Conflict resolution within an organization is one of the most critical leadership skills that fosters cohesion, enhances work relationships and improves the overall outlook of products and services. In the role play, it is evident that organizational leaders look at employees in a holistic way by providing the correct working environment, assigning roles, training and boosting the skills of workers in order to maximize the their output. According to Behfar, Peterson, Mannix and Trochim (2008), the latter is seen as a perfect way of maximizing productivity and winning employees’ support. However, its application often leads to conflict between management and workers especially when correct communication methods are not used.
specifically for you
for only $16.05 $11/page
Employees form the most important pillar in an organization since they are directly involved in the execution of policies and promoting quality of the services provided to consumers (Hofmann, 2012). It is worth noting that an employee and a leader in an organization should work mutually and in harmony so that they can be in line with demands of an organization’s growth and progress. Dissatisfaction of employees as reflected in the case of Chris, does not merely affect the morale and relations with other employees and leaders in a negative way. It also results into poor growth and development of an organization.
Dealing with the problem
One of the key strategies is to enhance communication within the organization whereby employee and management teams can voice their concerns on matters affecting job performance. In their publication, Behfar et al (2008) point out that communication plays a great role in conflict resolution. Either at a personal or team level, conflicting parties must be able to communicate effectively in solving a given dispute. In particular, leaders should embark on creating important communication lines that allow employees to effectively communicate with their leaders on different issues. They should also propose improvements either at a personal or department level.
Conflict resolution strategies
Identify the real problem
Brownell (2003) indicates that one of the most effective ways of solving organizational conflicts is identifying the main source of the problem. Exploring the root causes of conflicts through communication creates an environment where issues can be addressed. In the case of Chris and JJ in the role play, understanding their dissatisfaction or behavior will provide the basis for meeting and solving their problems.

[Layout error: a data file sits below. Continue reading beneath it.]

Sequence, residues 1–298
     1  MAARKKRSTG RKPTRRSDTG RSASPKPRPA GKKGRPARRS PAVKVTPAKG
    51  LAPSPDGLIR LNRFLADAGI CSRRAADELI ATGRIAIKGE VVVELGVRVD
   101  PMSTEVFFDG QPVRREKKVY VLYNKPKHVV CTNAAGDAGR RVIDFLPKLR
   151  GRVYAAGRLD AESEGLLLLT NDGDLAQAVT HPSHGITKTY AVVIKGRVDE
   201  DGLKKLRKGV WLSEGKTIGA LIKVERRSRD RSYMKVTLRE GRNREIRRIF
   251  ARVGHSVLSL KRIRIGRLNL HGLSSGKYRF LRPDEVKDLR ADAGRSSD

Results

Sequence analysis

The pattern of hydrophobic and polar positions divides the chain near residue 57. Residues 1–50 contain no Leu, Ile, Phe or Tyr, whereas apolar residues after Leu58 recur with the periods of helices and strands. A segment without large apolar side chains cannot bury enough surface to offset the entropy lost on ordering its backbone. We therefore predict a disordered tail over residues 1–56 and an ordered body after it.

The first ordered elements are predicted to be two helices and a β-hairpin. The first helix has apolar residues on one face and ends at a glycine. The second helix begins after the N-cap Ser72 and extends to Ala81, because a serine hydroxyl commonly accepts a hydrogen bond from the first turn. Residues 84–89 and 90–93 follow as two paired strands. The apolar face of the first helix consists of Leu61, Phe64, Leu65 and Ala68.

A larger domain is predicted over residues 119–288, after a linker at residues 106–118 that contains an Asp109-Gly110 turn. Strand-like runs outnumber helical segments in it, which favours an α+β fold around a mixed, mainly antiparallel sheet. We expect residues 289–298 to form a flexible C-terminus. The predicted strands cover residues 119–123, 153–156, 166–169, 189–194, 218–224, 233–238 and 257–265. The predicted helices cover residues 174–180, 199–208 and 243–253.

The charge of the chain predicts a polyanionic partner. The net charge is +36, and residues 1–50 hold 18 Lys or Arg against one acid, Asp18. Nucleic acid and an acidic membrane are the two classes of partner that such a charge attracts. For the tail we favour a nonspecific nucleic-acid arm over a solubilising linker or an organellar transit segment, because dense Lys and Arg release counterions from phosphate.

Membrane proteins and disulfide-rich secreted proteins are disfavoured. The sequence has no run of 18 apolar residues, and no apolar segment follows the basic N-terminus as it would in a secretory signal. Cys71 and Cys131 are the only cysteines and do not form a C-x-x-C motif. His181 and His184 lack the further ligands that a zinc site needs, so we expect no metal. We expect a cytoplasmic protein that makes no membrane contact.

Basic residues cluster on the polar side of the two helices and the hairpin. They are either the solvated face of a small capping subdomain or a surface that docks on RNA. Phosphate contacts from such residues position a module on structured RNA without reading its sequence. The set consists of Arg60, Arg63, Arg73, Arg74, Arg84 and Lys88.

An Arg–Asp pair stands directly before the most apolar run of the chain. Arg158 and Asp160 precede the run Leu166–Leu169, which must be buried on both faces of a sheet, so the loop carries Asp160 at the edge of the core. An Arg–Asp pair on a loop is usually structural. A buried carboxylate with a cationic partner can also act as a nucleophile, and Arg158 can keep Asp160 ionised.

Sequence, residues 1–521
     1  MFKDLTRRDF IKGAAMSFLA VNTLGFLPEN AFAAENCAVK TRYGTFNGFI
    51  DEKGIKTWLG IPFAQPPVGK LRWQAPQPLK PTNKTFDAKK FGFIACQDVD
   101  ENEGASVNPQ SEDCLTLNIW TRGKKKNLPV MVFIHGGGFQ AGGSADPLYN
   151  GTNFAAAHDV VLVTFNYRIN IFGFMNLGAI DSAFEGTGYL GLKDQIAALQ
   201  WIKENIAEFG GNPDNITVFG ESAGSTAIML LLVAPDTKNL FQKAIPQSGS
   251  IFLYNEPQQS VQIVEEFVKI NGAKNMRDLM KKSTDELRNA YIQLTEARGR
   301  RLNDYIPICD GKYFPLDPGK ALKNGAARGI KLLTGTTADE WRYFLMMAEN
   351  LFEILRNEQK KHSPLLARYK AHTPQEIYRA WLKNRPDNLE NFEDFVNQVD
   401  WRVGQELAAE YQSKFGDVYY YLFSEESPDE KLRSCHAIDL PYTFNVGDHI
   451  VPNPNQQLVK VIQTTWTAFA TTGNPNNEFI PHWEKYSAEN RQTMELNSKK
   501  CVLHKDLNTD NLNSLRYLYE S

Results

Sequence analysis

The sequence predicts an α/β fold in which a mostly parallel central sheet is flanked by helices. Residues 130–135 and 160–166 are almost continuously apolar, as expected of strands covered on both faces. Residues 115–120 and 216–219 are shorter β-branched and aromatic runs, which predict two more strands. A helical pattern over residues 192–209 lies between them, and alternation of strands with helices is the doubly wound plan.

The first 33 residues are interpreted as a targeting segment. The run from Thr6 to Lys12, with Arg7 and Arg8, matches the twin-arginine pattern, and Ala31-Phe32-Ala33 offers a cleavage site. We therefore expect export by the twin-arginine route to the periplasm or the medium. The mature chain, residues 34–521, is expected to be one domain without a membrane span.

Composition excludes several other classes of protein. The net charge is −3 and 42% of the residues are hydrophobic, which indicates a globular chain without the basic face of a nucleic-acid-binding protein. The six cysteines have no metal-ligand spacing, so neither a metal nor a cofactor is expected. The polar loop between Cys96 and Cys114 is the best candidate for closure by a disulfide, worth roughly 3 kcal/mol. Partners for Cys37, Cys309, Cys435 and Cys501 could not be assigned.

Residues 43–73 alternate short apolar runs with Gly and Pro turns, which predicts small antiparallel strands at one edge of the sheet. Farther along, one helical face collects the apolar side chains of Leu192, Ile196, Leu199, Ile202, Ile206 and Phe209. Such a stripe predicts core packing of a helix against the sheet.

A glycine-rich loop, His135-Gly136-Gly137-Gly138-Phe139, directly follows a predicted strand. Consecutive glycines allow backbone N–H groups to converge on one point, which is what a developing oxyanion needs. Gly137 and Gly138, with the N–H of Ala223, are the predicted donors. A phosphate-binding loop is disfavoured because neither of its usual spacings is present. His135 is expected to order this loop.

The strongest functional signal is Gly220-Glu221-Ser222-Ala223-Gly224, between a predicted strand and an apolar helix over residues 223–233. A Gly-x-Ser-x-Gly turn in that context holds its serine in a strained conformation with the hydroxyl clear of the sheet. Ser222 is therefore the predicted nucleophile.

Leaders are charged with the responsibility of making sure that poor or lack of employees’ satisfaction is addressed as soon as possible. They should also establish how the latter negatively leads to services quality offered to consumers (Hofmann, 2012). By extensively brainstorming on solutions, they will be able to generate the most effective solutions. Brownell (2003) posits that the intention of brainstorming a solution will not just provide solutions. It will also offer the much-need satisfaction to the conflicting parties.
Provide a win/win solution
Picking a possible win/win solution in any conflict has been considered by several researchers as a core problem solving strategy in the sense that both parties feel contented. According to Behfar et al (2008), leaders in an organization should be able to provide solutions that address existing problems and a means through which the demands of the conflicting parties can be sorted out. In the case of Chris, a win/win solution would appear important because it will provide the aforementioned character with the leadership position while maintaining the elevated position of the new member.
Behfar, K. J., Peterson, R. S., Mannix, E. A., & Trochim, W. M. K. (2008). The critical role of conflict resolution in teams: A close look at the links between conflict type, conflict management strategies, and team outcomes. The Journal of Applied Psychology, 93(1), 170–188.
100% original paper
on any topic
done in as little as
Brownell, J (2003). Developing receiver-centered communication in diverse organizations. Listening Professional, 2(1), 5-25.
Hofmann, P. B. (2012). Fear of conflict: Management and ethical costs—Wanting to avoid conflict is natural but should not inhibit appropriate behavior. Healthcare Executive, 27(1), 58–60.